If the main hero was a follower it’d be at least somewhat possible but training to be a leader takes a really long time.

    It’s shown that Tatara trains hard but it’s hard to judge how much exactly. Just for reference a competitive level couple dancing at a high level trains about 8 hours per day.

    So it’s a bit strange to see how accurate e.g. Hyodo is to a real life dancer while Tatara is getting deus ex treatment all the time. Oh well, it’s anime after all and I don’t think it’s directed towards real life ballroom dancers per se.

    P.S. 15 is really old to start ballroom as well, not sure how It is in Japan but at least in Russia which pretty much produces some of the best ballroom dancers in the world you need to start around 6 and it takes at least 10 years to get to a serious-ish level.

    • Avatar SuperWooper says:

      Yeah, it was discouraging to hear Hyodo handwave Tatara’s victory with, “That’s just how dance is sometimes.” The show began fairly promisingly in that regard, with Sengoku taking offense at the nerve of some teenage brat who decided to pursue professional dance on a whim. Shounen formula always wins in the end, I guess.

      Are you a dancer yourself, or do you just follow the scene? In either case, what do you make of Tatara’s “four-legged feeling”? His struggle with that sensation never clicked with me as a viewer, so I’m hoping it’s just something that a dance layman like myself can’t understand.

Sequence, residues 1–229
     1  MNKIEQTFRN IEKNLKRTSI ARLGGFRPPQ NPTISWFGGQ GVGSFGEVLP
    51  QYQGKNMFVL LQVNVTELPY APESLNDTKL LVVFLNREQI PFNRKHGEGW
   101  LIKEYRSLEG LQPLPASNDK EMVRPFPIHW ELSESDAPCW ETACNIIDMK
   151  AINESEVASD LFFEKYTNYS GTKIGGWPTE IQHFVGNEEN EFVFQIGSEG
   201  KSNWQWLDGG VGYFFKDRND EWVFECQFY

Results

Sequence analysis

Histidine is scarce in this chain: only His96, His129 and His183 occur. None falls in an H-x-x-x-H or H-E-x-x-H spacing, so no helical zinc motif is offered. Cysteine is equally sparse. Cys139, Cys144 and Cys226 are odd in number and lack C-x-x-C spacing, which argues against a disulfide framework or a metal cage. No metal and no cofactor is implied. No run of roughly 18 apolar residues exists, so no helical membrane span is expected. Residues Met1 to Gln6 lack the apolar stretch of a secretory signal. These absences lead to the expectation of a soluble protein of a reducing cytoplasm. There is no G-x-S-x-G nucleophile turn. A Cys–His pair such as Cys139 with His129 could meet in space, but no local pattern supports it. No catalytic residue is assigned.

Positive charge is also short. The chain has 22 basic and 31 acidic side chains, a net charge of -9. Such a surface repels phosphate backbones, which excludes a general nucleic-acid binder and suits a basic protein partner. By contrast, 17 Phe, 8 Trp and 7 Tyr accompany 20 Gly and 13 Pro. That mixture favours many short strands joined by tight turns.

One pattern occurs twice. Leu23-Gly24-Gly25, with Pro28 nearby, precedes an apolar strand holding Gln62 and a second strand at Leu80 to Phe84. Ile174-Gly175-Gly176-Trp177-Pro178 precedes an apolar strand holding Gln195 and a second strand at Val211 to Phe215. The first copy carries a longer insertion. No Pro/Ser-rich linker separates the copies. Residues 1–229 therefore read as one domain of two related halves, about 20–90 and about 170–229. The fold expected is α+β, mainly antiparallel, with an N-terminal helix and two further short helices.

• Avatar Alex says:

        I am similar to Tatara in that I started training at 16 myself and been involved in dance ever since for 15 years. That also means I know firsthand what real dancers think about late starters and Sengoku was spot on in that regard, although mostly it’s not anger, it’s deep understanding on how much work it actually takes to become good. World-class ballroom dancers are among the most hard-working people in the world so working harder than them to advance faster is pretty far-fetched.

        I find “four-legged” feeling a shounen exaggeration most of all to somehow justify the advances which should normally take years. It is somewhat based in reality as the connection between partners is feeling each other’s weight when the connection is working but it’s a very small fraction of the total. Overall, the main principle it shouldn’t be heavy, the follower is dancing on her own legs, the impulse is only transferred through the lead when the leader wants the follower to change direction, he’s not carrying her around like the show seems to imply. Followers get pretty pissed off actually at heavy-handed lead as it’s really hard to keep balance when you are being pushed around.